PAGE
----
Flash Fiction Competition, London Independent Story Prize

London Independent Story Prize, LISP is holding a writing contest. Their aim is to discover extraordinary artistic approaches to story writing, stories that embrace the diversity of gender and culture whilst being brave and passionate. They are looking for unique and strong voices. BAME, Women, and LGBTQ are especially welcome. They’ll be delighted to read it and you could be in with a chance to win!

Entries can be sent through their website www.londonindependentstoryprize.co.uk

Follow their Facebook and Twitter @LIStoryPrize for the announcements.

Early Bird Deadline: 1st of January 2018

Submissions Close on 10th of January

Winner announcements, on 10th of February

Prizes: £100 First, £30 Second, £10 Third

Check their amazing judge list from this link.LISP-5

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The Cardiff Review Short Story Award

The Cardiff Review Short Story Award

The Cardiff Review Short Story Award, an annual prize for excellence in short fiction from new writers, is now open for submissions. The winning story will be published in a future issue of The Cardiff Review and awarded a cash prize of £150. We accept stories in English, between 1000 and 5000 words, from anywhere in the world; though each entrant may only submit once.

Eligibility

The Cardiff Review Short Story Award is open to new writers, which we define as individuals who have yet to begin a postgraduate/graduate programme, have not yet published a major piece of work and are not widely published in literary magazines. If you are unsure of whether you fall into this category or not, feel free to email us at award@cardiffreview.com. The award is open to any young writer working in English.

Read more and enter The Cardiff Review Short Story Award.

Young Writers Published While Still At School

The Mistake anthologyShort stories by thirty two young writers have been published in an anthology to celebrate National Short Story Week. The stories were chosen from nationwide entries to last year’s National Short Story Week Young Writer competition for year 7 and 8 pupils.

The anthology ‒ The Mistake: 32 tales to make you think, shiver and smile ‒ was published on Monday November 17th, the start of this year’s National Short Story Week. It is available as an ebook and paperback exclusively from Amazon. All proceeds from the anthology will be donated to Teenage Cancer Trust.

We couldn’t think of a better way to celebrate the talent of these young writers than to have their work available in print, and for that work to help young people and their families who are going through a challenging time in their lives. Not only are these pupils now published writers, they can take great satisfaction in knowing that their stories will make a difference to other young people just like them.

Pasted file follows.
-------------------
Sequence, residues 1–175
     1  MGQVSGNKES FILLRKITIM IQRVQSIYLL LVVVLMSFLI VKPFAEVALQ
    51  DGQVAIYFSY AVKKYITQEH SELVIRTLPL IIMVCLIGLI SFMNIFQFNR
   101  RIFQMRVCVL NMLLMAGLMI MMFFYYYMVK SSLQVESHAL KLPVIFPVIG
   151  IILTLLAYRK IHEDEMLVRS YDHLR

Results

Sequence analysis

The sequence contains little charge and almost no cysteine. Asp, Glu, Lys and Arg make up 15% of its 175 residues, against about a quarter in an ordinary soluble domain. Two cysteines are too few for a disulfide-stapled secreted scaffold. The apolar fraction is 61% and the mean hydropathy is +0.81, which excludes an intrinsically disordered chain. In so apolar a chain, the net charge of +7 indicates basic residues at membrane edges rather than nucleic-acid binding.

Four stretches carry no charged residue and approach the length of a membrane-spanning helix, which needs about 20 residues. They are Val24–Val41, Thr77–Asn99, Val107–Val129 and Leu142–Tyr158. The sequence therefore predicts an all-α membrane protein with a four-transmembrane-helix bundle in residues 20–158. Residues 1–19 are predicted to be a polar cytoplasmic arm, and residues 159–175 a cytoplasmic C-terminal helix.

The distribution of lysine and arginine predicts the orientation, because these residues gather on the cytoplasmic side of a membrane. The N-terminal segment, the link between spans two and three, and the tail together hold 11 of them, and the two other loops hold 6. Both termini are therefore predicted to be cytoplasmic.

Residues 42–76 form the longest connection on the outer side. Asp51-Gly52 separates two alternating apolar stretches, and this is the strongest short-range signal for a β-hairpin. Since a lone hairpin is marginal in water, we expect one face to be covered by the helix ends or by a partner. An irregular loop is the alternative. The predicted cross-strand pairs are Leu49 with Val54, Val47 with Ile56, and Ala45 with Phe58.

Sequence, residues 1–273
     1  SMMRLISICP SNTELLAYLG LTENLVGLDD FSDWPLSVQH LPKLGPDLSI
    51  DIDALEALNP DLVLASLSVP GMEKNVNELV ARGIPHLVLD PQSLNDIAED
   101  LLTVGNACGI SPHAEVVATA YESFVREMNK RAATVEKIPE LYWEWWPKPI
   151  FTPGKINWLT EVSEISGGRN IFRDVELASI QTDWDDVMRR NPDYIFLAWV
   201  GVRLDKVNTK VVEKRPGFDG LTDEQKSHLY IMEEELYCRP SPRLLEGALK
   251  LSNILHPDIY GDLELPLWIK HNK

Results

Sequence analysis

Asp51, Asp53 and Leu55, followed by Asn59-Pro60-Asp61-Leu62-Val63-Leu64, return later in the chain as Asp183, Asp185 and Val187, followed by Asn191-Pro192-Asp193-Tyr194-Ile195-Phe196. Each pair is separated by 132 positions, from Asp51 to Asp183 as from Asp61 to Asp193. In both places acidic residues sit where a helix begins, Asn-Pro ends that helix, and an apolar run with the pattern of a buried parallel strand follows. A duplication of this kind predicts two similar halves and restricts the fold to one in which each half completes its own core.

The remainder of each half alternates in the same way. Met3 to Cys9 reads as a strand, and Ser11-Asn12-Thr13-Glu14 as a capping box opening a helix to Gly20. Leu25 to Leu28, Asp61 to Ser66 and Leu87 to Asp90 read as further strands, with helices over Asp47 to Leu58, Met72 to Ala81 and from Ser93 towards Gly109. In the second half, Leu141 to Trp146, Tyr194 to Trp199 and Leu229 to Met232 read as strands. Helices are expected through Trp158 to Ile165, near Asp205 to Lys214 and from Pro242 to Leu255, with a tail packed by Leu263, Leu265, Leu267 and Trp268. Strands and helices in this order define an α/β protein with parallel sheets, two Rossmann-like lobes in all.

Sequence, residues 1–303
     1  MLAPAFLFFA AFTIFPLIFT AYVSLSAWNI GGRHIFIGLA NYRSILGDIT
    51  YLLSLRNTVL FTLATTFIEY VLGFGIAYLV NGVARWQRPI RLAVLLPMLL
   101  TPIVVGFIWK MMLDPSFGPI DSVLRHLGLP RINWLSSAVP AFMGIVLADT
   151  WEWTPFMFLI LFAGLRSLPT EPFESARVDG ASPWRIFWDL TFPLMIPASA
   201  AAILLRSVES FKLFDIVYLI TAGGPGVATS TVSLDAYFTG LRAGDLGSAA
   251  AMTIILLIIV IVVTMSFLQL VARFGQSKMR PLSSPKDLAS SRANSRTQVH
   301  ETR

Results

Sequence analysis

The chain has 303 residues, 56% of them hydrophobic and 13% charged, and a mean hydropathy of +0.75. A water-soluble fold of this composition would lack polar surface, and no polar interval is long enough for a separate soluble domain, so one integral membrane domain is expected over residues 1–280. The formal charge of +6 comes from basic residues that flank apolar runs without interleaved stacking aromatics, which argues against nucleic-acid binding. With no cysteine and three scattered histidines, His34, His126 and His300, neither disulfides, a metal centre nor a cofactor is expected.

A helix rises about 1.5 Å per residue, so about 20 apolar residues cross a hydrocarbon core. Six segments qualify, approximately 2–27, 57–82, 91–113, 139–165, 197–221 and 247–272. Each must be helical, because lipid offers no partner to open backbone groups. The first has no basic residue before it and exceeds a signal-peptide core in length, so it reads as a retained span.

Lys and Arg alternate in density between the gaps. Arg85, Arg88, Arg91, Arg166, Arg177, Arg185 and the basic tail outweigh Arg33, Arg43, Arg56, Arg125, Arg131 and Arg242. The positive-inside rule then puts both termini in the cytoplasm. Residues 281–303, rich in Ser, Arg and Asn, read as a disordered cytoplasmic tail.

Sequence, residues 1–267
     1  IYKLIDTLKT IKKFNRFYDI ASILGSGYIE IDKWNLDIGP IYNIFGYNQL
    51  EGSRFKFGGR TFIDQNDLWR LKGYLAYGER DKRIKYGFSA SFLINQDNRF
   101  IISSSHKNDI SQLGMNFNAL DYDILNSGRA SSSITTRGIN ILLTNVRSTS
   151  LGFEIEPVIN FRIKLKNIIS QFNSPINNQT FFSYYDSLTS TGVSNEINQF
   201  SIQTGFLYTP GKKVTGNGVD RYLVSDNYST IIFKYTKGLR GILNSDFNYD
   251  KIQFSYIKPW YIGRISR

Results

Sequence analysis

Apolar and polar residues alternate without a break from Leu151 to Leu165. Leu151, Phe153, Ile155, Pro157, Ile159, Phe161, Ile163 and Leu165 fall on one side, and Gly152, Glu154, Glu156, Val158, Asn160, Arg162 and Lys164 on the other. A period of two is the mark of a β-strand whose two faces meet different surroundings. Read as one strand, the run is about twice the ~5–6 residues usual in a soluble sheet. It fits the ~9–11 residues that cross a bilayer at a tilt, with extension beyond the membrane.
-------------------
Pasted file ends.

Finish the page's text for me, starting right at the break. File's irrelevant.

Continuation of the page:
Our young writers were very inventive in how they chose to interpret the title The Mistake. Their stories show a remarkable level of maturity, and encompass serious issues such as the tragedy of war, bullying, gambling and homelessness. But there are lighter moments too, and some poignant explorations of what it is like to be a young person growing up today. Whether making us think, shiver or laugh, these young writers have all written highly accomplished tales.

We’ve already had some lovely praise for the anthology from acclaimed writers. Simon Brett said: “The Mistake demonstrates great variety and diversity. The settings for the stories range from school playgrounds, via Brazil and Mount Everest, to the trenches of the First World War. The characters include teenage girls, ghosts, shape-shifters, murderers and the Lady of Shallot. As the book’s subtitle says, here are stories to make you ‘think, shiver and smile’. The one thing that wasn’t a mistake was producing this anthology.”

Ali Smith has called the anthology “a book full of life, intelligence and range – page after page of impressive and witty engagement with its theme. It’s a pleasure to read so many stories filled with promise and energy.”

Hailey Acton DeBoik of Teenage Cancer Trust says: “We are ever so grateful to be benefiting from this wonderful project. What an innovative way for young people to help other young people by showcasing their talents.”

Young Writer, and the overall winner of the competition, Gemma Craig-Sharples of Ursuline High School in London says: “I was really happy when I found out my story had won. I hope people enjoy reading it as much as I enjoyed writing it.” Her story is also published on the Guardian‘s Children’s Books section online.

www.amazon.co.uk/Mistake-stories-think-shiver-smile-ebook/dp/B00OO5UBTM/

Ian Skillicorn, National Short Story Week